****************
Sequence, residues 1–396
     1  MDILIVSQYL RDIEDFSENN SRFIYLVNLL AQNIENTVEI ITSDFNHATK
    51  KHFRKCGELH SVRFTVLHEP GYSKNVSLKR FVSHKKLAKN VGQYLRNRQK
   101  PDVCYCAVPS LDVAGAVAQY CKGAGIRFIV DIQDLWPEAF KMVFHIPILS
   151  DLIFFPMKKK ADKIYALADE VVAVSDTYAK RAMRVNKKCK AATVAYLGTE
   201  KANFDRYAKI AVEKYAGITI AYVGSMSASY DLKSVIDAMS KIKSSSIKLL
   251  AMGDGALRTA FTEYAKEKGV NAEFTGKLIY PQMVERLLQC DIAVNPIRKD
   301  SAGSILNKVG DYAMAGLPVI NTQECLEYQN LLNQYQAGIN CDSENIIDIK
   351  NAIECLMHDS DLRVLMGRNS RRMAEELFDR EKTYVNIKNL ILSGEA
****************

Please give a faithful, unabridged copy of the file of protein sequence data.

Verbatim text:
Sequence, residues 1–396
     1  MDILIVSQYL RDIEDFSENN SRFIYLVNLL AQNIENTVEI ITSDFNHATK
    51  KHFRKCGELH SVRFTVLHEP GYSKNVSLKR FVSHKKLAKN VGQYLRNRQK
   101  PDVCYCAVPS LDVAGAVAQY CKGAGIRFIV DIQDLWPEAF KMVFHIPILS
   151  DLIFFPMKKK ADKIYALADE VVAVSDTYAK RAMRVNKKCK AATVAYLGTE
   201  KANFDRYAKI AVEKYAGITI AYVGSMSASY DLKSVIDAMS KIKSSSIKLL
   251  AMGDGALRTA FTEYAKEKGV NAEFTGKLIY PQMVERLLQC DIAVNPIRKD
   301  SAGSILNKVG DYAMAGLPVI NTQECLEYQN LLNQYQAGIN CDSENIIDIK
   351  NAIECLMHDS DLRVLMGRNS RRMAEELFDR EKTYVNIKNL ILSGEA